Volume 8, Issue 4, December 2020, Page: 100-103
Castleman Disease in Children from Histopathology to Therapy
Asmaa Hamoda, Department of Pediatric Oncology, Children Cancer Hospital Egypt, Cairo, Egypt; Department of Pediatric Oncology, National Cancer Institute, Cairo University, Cairo, Egypt
Hanaa Rashad, Department of Pediatric Oncology, Children Cancer Hospital Egypt, Cairo, Egypt
Ola Ahmad, Department of Clinical Research, Children Cancer Hospital Egypt, Cairo, Egypt
Hala Reda, Department of Clinical Pathology, Children Cancer Hospital Egypt, Cairo, Egypt; Department of Clinical Pathology, National Cancer Institute, Cairo University, Cairo, Egypt
Iman Zaki, Department of Radiodiagnosis, National Cancer Institute, Cairo University, Cairo, Egypt; Department of Radiodiagnosis, Children Cancer Hospital Egypt, Cairo, Egypt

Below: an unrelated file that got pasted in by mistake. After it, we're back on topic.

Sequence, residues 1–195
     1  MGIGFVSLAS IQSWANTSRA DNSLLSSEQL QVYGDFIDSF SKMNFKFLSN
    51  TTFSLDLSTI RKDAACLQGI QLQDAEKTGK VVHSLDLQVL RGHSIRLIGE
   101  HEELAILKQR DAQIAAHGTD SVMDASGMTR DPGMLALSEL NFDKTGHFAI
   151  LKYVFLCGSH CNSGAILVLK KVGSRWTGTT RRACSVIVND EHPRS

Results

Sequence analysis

Naglaa Elkinaai, Department of Pathology, National Cancer Institute, Cairo University, Cairo, Egypt; Department of Pathology, Children Cancer Hospital Egypt, Cairo, Egypt
Mohamed Sedki, Department of Pediatric Oncology, Children Cancer Hospital Egypt, Cairo, Egypt; Department of Pediatrics, National Research Center, Cairo, Egypt
Alaa El Hadad, Department of Pediatric Oncology, Children Cancer Hospital Egypt, Cairo, Egypt; Department of Pediatric Oncology, National Cancer Institute, Cairo University, Cairo, Egypt
Samah Semary, Department of Pediatric Oncology, Children Cancer Hospital Egypt, Cairo, Egypt; Department of Clinical Oncology, Beni-suef University, Beni-suef, Egypt
Received: Apr. 11, 2020;       Accepted: Dec. 15, 2020;       Published: Dec. 22, 2020
DOI: 10.11648/j.crj.20200804.16       View        Downloads  
Abstract